Burundi has issued a statement condemning what it termed as “misuse of the country’s traditional and sacred drums.”
“Burundi is aware of the misuse of the Burundian Sacred Drum during the Nyege Nyege Festival…The Ministry in charge of Culture informs national and international opinion that it will never tolerate anyone who violates Burundian culture and customs.” the burundian ministry of East Africa, Culture and Sports tweeted after the incident.
According to Article 21 of the 2017 presidential decree concerning the Burundian Drum, the promoter or group who exhibit the drum without authorization can be punished by being suspended from showcasing the drum for six months and slapped with a fine of $490.
“Article 22: Without prejudice to Article 20, the Ministry of Culture in its powers is able to apply sanctions in the event of inappropriate exploitation of this cultural element.”
The Nyege Nyege festival was a music extravaganza that took place last week at Itanda Falls in the Eastern part of Uganda.
The festival welcomed visitors from various countries all over the world who came in with different cultures since culture was among the main attractions of the festival.
Among the revelers that flocked the four-day festival were citizens of Burundi. The organizers then put up performances to portray Burundian culture among them the music of the Burundi Sacred Drum and the drum indeed worked like magic pulling together huge crowds who gathered around the performers to take in the beautiful sounds and dances from Burundi.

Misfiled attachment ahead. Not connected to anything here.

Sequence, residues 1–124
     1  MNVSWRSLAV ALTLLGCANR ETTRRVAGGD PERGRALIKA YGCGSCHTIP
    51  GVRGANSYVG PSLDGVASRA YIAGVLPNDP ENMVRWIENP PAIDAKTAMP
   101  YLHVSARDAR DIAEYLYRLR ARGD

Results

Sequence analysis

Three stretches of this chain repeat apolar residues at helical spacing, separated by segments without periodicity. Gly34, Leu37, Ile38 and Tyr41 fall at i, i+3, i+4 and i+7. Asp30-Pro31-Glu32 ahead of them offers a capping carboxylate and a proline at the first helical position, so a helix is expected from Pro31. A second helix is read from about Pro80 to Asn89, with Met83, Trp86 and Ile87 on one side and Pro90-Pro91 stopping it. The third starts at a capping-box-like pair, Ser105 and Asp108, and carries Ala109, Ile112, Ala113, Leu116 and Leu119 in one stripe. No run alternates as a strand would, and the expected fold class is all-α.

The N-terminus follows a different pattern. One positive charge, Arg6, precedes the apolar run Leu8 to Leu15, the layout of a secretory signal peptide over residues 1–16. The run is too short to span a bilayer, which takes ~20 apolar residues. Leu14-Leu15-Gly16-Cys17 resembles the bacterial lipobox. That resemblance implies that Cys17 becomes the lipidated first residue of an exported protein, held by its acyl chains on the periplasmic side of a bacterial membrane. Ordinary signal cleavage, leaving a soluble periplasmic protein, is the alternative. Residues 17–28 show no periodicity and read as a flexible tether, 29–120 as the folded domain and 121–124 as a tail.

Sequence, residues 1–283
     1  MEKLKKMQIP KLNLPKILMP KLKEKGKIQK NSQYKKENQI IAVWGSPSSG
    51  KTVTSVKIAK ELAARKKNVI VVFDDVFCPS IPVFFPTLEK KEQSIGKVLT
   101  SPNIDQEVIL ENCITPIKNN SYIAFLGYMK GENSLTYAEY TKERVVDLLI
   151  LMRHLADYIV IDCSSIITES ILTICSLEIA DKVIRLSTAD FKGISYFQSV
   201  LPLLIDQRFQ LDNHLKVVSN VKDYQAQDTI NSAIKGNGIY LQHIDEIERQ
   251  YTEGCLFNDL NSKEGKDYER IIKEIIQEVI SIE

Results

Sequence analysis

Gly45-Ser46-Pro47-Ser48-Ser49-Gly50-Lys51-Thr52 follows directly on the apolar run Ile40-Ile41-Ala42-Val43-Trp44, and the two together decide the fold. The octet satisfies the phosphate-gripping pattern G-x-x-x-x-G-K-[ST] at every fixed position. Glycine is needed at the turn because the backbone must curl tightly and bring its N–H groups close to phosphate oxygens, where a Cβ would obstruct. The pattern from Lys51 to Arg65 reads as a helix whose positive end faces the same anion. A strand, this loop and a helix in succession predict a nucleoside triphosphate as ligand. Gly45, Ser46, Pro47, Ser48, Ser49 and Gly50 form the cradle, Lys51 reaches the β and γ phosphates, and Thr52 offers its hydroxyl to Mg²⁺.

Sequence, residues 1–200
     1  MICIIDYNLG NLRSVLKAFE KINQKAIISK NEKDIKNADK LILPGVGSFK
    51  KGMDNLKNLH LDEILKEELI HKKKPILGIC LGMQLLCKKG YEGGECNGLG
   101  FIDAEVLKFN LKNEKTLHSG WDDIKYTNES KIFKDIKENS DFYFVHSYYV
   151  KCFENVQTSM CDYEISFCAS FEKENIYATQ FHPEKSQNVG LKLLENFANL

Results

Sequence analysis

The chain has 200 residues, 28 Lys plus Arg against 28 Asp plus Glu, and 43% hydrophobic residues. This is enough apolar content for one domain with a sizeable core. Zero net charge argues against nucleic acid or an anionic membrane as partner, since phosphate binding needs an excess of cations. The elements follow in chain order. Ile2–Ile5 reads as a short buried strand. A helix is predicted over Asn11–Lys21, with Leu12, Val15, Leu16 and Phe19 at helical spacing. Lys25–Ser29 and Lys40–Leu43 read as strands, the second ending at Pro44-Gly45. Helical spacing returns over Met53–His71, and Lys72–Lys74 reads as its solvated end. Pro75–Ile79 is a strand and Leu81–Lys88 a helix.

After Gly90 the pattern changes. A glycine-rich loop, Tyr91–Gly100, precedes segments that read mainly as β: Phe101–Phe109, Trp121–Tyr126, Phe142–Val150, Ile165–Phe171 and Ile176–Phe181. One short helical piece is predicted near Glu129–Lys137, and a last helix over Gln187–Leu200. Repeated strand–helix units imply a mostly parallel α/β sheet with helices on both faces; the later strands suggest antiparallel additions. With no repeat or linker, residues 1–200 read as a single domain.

The revelers too got engaged in the dance and drumming taking turns to bang the long drums draped in Burundi flag colours. However, this did not go down well with the Burundi cultural authorities who say women are not allowed to play the drums and are only allowed to dance along while dressed in cultural regalia.
Burundi’s ‘umurisho w’ingoma’ ritual dance and the Royal drum is on the list of UNESCO’s intangible cultural heritage (ICH).
The list contains elements that demonstrate the diversity of heritage.
The royal drums in Burundi were the pillars of the monarchical power and were considered sacred, hence only used only on special occasions and in important places that proclaimed the country’s great events such as the coronation of a monarch, the funeral of a sovereign and the new agricultural season.
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